BEIJING (Reuters) - China ratcheted up pressure on Washington over the U.S. Fed’s latest moves to lift its economy by printing more money, with a vice finance minister saying resulting hot money inflows were a shock to global markets.
In the run-up to this week’s G20 and APEC meetings, a number of leading economies have warned against the Federal Reserve’s decision last week to inject an extra $600 billion into the U.S. banking system.
“As a major reserve currency issuer, for the United States to launch a second round of quantitative easing at this time, we feel that it did not recognize its responsibility to stabilize global markets and did not think about the impact of excessive liquidity on emerging markets,” Chinese Vice Finance Minister Zhu Guangyao said at a briefing on Monday.
Zhu said that China plans “frank discussions” with the United States over its money printing plans.
China and the United States had turned down the heat in the acrimonious dispute over currencies and trade imbalances at a meeting of finance ministers from the 21-member Asia-Pacific Economic Cooperation (APEC) forum over the weekend.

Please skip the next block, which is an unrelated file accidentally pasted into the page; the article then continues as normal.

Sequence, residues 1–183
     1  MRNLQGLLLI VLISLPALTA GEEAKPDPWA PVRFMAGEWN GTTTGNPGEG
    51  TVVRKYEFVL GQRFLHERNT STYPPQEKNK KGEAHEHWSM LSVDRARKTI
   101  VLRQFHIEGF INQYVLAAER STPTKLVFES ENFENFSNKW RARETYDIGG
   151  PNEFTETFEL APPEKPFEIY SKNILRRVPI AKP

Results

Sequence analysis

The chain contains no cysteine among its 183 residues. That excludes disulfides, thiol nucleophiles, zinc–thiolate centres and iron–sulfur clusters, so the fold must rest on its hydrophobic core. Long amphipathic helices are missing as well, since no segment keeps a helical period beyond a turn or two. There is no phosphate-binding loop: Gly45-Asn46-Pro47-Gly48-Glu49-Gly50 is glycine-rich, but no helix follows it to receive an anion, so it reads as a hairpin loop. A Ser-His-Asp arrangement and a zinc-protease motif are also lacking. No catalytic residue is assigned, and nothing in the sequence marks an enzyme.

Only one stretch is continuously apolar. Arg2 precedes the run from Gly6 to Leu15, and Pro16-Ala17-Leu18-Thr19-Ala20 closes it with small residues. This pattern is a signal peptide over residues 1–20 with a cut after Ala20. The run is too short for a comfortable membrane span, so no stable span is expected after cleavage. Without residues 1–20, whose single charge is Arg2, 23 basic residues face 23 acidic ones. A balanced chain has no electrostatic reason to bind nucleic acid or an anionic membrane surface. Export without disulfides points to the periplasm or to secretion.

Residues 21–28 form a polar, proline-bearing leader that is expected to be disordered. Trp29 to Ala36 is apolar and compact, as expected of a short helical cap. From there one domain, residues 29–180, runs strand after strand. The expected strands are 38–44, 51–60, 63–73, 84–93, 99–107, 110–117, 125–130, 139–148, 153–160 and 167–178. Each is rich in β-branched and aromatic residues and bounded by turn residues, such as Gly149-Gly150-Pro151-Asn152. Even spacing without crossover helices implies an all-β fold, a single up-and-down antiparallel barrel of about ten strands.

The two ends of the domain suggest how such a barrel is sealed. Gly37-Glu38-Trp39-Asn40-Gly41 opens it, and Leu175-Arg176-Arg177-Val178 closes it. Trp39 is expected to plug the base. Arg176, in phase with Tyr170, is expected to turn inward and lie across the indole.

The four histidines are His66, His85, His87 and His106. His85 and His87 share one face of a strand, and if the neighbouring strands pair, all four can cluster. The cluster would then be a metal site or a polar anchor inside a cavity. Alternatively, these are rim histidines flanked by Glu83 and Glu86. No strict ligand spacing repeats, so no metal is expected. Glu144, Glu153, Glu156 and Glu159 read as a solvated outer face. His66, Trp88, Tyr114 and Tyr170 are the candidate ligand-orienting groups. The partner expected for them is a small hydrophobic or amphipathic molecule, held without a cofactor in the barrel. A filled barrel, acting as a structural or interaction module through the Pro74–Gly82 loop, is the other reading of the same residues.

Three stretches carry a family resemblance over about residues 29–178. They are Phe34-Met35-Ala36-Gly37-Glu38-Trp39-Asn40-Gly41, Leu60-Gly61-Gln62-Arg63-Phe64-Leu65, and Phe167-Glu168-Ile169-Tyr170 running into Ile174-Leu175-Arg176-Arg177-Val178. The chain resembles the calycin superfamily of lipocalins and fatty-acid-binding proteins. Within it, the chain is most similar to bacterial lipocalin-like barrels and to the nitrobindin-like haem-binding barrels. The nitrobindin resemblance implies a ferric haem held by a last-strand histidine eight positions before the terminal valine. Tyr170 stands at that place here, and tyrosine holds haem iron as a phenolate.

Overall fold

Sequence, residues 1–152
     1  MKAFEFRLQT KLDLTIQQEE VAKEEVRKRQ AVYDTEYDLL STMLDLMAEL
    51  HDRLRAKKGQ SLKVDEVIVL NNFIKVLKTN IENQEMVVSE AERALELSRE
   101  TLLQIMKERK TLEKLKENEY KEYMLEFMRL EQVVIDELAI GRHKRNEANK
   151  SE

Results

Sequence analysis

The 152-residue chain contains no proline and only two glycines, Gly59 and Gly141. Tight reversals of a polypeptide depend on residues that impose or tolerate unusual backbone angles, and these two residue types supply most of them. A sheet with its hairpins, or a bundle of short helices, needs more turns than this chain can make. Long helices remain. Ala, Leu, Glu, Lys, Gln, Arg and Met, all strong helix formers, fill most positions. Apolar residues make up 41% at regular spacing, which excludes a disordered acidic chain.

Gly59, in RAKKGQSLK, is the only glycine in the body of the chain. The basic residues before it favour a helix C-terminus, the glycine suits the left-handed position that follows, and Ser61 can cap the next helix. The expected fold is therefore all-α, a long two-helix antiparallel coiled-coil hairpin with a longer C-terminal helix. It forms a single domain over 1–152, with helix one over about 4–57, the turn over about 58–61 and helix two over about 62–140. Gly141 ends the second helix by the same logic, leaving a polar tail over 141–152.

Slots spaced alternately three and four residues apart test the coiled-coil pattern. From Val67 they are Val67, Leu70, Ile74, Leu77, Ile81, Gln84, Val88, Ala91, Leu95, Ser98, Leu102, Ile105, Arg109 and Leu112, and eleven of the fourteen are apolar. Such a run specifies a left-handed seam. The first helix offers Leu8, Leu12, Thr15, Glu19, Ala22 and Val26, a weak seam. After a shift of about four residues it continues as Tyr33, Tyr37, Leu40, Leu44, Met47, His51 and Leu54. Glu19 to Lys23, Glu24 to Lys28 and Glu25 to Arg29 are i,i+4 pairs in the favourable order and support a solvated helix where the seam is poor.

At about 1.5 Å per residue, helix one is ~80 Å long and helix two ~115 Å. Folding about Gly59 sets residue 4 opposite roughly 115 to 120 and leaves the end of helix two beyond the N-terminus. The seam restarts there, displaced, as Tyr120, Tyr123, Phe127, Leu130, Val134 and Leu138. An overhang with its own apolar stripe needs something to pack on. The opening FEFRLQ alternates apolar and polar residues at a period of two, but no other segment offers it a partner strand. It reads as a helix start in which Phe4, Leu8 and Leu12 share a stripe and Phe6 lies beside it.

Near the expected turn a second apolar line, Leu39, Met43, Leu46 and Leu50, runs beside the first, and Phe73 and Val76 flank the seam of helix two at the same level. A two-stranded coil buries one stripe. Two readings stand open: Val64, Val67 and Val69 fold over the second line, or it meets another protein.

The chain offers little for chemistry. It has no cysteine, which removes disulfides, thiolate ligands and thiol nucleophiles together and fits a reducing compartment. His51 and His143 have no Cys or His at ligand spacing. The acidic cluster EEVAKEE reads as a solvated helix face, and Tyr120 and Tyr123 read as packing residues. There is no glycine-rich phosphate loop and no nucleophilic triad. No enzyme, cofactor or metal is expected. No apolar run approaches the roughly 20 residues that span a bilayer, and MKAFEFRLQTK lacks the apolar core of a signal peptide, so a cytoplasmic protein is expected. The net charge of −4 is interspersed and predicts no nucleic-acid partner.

But Zhu said on Monday that the Fed’s quantitative easing was a poor decision. He said the United States must recognize its role and responsibility in the global economy.
A leading Chinese newspaper warned on Monday that Washington’s actions were a form of indirect currency manipulation that could lead to a new round of currency wars and even global economic collapse.
For his part, Federal Reserve Chairman Ben Bernanke in recent days has been defending the bond-buying, saying the measures to help restore a strong U.S. economy were critical for global financial stability.
Despite the heated rhetoric aimed at U.S. economic policymakers, Zhu predicted on Monday that the G20 meeting would send a positive signal to global markets.
“We, including the Federal Reserve, will strengthen coordination of and communication about macroeconomic policies and monetary policies.”
He said the current global situation was different from that at the height of the global financial crisis.
“Financial markets do not lack capital, but the capital lacks confidence in the real economy,” he said.
Reporting by Simon Rabinovitch and Langi Chiang; Writing by Ben Blanchard; Editing by Ken Wills
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